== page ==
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What Chemical Peel Would Be More Safe and Effective for my Melasma? (photo)

I am 39 years old with olive skin and have Melasma on my cheeks, would a jessner peel be for me? I tend to have sensitive skin and I don't want to make problems worse for my face. I have had a jessner peel before which was very aggressive but I had some results along with some hyperpigmintation afterwards which took about 6 months to get rid of. My melasma is still visible,so I am wondering if I did another treatment would it be safe and will I see even better results?

Doctor Answers (4)

Treatment of melasma with chemical peels and more

+1

Melasma is a chronic condition and a combination approach is usually required.  Chemical peels can be helpful but one gets better results if these are incorporated with other modalities such as sunscreen and sun protection, prescription bleaching creams, and brightening agents.  Laser peels and microdermabrasion are also alternatives to peels.  It's best to have this problem managed by a board certified dermatologist who can provide both the procedures and the medical options. 


New York Dermatologist
3.5 out of 5 stars 9 reviews

Treating Melasma Requires A Long-Term Approach

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As melasma is a non-curable, chronic skin condition, treatments to control and clear it require both maintenance and more individual, aggressive treatments. All patients with melasma should avoid the sun and be on a topical regimen of bleaching creams and exfoliants (the most effective of which are prescription strength and should be monitored by a board-certified dermatologist). There are many different types of office-based treatments which can be done with the appropriate frequency (as determined by you and your doctor) depending on the skin's needs and aggressiveness of treatment. These include micro-dermabrasion, chemical peeling, and laser treatments. I am a huge fan of chemical peeling for melasma. But as is the case with anything else, the effectiveness of chemical peeling really depends on the skill, knowledge and technique of the physician doing the chemical peeling.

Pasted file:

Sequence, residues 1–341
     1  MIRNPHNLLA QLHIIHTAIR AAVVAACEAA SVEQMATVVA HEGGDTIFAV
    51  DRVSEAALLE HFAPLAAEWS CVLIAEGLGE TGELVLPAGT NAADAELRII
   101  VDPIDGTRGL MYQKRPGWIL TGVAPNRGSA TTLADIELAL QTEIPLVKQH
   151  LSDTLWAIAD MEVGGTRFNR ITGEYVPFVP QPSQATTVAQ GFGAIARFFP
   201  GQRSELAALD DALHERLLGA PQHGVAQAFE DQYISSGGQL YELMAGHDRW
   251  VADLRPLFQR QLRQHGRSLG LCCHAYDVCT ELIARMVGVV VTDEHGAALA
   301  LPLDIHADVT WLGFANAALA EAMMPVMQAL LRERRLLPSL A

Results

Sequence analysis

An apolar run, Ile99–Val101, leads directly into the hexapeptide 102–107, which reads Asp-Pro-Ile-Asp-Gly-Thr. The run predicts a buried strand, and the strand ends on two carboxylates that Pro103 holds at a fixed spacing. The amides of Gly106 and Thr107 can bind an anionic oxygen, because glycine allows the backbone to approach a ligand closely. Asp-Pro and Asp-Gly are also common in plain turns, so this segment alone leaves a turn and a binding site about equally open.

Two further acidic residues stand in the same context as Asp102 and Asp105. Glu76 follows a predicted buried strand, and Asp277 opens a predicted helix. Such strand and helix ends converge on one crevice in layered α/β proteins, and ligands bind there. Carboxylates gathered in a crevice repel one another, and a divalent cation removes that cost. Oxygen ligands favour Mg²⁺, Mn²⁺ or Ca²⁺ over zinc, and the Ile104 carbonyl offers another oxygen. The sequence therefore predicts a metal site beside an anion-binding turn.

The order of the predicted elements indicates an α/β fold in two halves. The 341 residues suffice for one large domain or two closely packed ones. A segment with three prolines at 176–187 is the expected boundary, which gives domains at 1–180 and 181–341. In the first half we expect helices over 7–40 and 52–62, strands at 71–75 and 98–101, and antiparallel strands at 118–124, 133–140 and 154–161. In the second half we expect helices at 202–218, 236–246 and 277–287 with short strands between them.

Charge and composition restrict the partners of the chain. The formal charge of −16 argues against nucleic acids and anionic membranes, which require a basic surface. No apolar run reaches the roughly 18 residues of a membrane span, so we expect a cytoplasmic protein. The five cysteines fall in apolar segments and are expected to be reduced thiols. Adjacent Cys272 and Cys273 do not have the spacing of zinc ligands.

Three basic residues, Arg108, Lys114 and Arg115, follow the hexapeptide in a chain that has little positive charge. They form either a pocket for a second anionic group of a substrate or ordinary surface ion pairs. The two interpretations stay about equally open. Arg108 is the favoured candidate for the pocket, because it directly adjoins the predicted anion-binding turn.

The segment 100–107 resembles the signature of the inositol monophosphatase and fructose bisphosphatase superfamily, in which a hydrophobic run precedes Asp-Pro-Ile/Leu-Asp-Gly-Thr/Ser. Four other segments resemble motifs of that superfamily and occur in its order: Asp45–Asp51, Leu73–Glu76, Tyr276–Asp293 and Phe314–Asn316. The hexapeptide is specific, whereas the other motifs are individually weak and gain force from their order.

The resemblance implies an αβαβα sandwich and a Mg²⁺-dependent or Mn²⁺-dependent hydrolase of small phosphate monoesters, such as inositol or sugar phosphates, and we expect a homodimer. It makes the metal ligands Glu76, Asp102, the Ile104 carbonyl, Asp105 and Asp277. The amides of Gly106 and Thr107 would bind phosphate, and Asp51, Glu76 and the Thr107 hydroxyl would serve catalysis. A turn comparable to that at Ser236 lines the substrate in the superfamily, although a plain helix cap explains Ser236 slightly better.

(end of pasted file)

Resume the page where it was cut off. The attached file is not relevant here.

Channing R. Barnett, MD
New York Dermatologist
4.5 out of 5 stars 5 reviews

Melasma and peels

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Melasma is better treated as a life long hobby as it improves with incremental treatments and skin care rather than single isolated aggressive treatments.  The most important factor is to control the underlying pigmentary process before you even consider a peel or laser treatment.   We get all of our patients using Retinoids at bedtime, exfoliating cleansers, topical daytime antioxidants and skin ligheners and sunscreens with only Zinc based therapy as Zinc blocks and protects you from the widest spectrum of light.  Once they have settled into  a skin care program, we then 'mix it up' with alternating treatments including DermaSweep with infusions, Sal Acid Peels, BBL treatments, Radiance Peels, The Perfect Peel.  Big aggressive hits done once without ongoing skin care just don't work.

Steven Swengel, MD
Los Gatos Dermatologic Surgeon
5.0 out of 5 stars 4 reviews

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Chemical Peel for Melasma?

+1

Hi JLN.  Generally we do not recommend chemical peels for Melasma.  The reason is that Melasma is a chronic condition and any relief from a chemical peel is temporary.

Also, because it is performed in the office, it is generally more expensive than the alternative, hydroquinone.  

We prefer an 8% hydroquinone solution, applied with cotton pads.  Because of the 8% level, we also require our patients to go off the medicated pads every three months for at least 30 days.

Melasma will almost always come back, so putting our patients on a long term program has led to higher satisfaction for them.  

Harold J. Kaplan, MD
Los Angeles Facial Plastic Surgeon
5.0 out of 5 stars 6 reviews

These answers are for educational purposes and should not be relied upon as a substitute for medical advice you may receive from your physician. If you have a medical emergency, please call 911. These answers do not constitute or initiate a patient/doctor relationship.